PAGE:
Stephanie Garcia Richard, Commissioner of Public Lands State of New Mexico
SANTA FE, NM – The New Mexico State Land Office on Monday granted an emergency right of entry permit to the Chaves County Flood Control Commission for the agency to make repairs to a breech in a levee located on state trust land. The breech has caused flooding into streets, impacting homes and businesses, in the City of Roswell. The right of entry allowed the Flood Commission to access the land to make repairs, which began immediately and concluded Tuesday morning. Repairs had previously been impossible due to safety concerns caused by the severity of the flooding.
“Flood Commission staff were able to patch the area quickly, and what we have in place will turn the water for now,” Chaves County Flood Control Superintendent Richard Smith said. “The area is in need of permanent repairs and we are working with the State to make sure we get that done as quickly as possible.”
Access to state trust land through right of entry typically requires permits and fees. Commissioner of Public Lands Stephanie Garcia Richard worked with Department of Homeland Security and Emergency Management (DHSEM) Secretary Bianca OrtizWertheim to expedite the permit process and waive associated fees.
“In cases of emergencies like the flooding that took place in Roswell, the State Land Office will always act quickly and accordingly to keep New Mexicans safe,” Commissioner Garcia Richard said. “We are grateful to the Governor and the Secretary for working to make funds available to the community, and we commend the Chaves County Flood Commission for getting in to patch the levee as soon as it was safe for them to do so.”
In response to this severe flooding, Governor Lujan Grisham has signed executive orders declaring states of emergency for both the City of Roswell and Chaves County, where the damaged levee is located. Together, these orders provide DHSEM with $1.5 million to assist local governments with recovery efforts.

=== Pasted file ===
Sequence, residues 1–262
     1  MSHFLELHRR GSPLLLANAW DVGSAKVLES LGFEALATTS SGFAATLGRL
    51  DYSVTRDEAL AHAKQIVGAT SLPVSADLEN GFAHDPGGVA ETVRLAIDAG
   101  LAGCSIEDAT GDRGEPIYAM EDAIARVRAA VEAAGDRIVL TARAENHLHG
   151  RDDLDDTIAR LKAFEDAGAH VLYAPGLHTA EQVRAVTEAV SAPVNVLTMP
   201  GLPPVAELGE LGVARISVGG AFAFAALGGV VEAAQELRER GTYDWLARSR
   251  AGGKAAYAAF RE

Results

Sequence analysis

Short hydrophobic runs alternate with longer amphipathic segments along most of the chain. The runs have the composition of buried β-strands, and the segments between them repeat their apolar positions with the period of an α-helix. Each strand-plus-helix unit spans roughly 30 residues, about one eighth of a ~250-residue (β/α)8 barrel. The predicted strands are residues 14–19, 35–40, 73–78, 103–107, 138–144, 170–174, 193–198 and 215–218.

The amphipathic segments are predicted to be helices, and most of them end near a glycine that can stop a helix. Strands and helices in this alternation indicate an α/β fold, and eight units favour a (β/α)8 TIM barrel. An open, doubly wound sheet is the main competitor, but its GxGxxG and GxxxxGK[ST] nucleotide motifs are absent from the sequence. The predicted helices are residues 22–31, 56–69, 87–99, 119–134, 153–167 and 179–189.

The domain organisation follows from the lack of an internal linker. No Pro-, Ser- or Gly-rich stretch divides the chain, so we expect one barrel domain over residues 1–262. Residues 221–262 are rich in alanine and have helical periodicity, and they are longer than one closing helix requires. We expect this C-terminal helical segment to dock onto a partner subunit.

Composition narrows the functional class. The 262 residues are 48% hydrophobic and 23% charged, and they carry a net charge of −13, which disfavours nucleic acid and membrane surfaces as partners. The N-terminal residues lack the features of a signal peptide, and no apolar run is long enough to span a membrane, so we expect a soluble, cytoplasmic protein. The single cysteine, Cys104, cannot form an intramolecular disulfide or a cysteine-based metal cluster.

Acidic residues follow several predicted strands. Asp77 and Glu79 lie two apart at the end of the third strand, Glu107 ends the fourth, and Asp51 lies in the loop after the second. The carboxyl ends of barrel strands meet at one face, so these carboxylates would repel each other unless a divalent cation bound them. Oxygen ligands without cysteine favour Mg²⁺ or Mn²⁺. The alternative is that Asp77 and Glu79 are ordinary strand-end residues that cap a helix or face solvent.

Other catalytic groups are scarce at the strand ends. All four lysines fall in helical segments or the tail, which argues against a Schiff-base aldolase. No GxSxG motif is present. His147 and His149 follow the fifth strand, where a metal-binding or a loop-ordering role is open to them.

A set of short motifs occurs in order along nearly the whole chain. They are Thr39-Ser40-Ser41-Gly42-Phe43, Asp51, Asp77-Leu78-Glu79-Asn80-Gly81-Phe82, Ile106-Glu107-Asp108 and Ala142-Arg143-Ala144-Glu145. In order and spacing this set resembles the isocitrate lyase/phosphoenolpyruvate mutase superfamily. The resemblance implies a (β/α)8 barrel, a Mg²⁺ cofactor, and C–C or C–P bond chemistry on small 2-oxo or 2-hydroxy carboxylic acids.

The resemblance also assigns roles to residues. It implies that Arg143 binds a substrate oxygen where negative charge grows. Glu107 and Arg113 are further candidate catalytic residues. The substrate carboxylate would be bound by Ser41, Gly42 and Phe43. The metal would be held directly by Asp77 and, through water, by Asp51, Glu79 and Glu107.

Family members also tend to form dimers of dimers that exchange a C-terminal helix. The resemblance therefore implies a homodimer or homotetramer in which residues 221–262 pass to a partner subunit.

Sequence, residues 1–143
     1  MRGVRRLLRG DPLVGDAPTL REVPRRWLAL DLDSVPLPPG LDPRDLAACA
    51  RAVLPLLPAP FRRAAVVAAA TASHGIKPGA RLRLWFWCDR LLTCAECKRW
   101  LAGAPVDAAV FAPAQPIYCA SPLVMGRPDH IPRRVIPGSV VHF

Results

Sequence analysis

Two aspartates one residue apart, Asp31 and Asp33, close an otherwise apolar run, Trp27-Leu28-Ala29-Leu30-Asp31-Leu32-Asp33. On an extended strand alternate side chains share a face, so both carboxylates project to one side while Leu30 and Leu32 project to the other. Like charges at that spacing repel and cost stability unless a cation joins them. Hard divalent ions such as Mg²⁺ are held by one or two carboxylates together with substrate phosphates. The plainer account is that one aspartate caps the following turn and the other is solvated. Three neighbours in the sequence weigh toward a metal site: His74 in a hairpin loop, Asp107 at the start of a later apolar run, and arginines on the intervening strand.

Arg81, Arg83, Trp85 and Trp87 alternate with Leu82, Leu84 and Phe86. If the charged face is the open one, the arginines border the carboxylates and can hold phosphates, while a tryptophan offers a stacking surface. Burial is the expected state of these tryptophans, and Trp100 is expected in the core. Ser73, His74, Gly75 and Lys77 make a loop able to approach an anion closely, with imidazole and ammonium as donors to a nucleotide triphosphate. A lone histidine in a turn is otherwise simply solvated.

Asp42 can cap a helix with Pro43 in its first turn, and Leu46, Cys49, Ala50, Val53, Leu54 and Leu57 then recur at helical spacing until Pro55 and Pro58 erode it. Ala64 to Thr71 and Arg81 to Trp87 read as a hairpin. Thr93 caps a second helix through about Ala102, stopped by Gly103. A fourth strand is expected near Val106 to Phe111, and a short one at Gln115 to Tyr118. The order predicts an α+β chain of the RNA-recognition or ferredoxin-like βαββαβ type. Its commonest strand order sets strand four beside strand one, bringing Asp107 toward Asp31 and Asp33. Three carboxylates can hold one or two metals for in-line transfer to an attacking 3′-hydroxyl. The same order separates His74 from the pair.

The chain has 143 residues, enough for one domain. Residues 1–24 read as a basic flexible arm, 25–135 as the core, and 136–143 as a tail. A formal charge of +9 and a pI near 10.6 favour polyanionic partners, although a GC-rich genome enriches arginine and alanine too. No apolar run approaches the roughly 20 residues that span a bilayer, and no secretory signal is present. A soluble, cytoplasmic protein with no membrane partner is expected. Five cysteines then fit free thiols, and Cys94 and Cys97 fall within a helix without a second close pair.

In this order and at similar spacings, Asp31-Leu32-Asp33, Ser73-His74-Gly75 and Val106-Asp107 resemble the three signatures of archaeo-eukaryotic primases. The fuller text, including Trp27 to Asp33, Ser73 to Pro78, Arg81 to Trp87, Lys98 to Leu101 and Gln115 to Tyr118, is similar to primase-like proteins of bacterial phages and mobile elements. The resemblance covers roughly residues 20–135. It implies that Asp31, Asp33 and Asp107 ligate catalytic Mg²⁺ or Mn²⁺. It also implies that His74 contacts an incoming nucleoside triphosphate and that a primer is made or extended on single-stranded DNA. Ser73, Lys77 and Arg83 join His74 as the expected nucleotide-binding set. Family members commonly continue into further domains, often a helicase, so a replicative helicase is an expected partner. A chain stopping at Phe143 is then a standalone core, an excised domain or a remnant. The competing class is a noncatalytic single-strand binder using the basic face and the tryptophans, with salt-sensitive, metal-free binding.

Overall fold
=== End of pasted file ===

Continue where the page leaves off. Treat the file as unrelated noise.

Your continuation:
“Repairing this levee is critical to helping the Roswell area recover from this disaster,” said Secretary Ortiz-Wertheim. “This emergency is an example of why it is so important to have local, state, and federal partners all working together on a coordinated response. Through these relationships, we can ensure that responders have the tools and intelligence they need to conduct recovery operations safely and efficiently. Our department is proud to work with agencies like the State Land Office to help Southeast New Mexico recover from this disaster.”
Under the leadership of Commissioner of Public Lands Stephanie Garcia Richard, the New Mexico State Land Office has seen back-to-back years of revenue over $1 billion. Over 13 million acres of state trust land are leased for a variety of uses, including ranching and farming, renewable energy, business development, mineral development, and outdoor recreation. The money earned from leasing activity supports 22 beneficiaries – New Mexico public schools, seven universities and colleges, the School for the Deaf, the School for the Blind and Visually Impaired, three hospitals, water and land conservation projects, and public building construction and repair.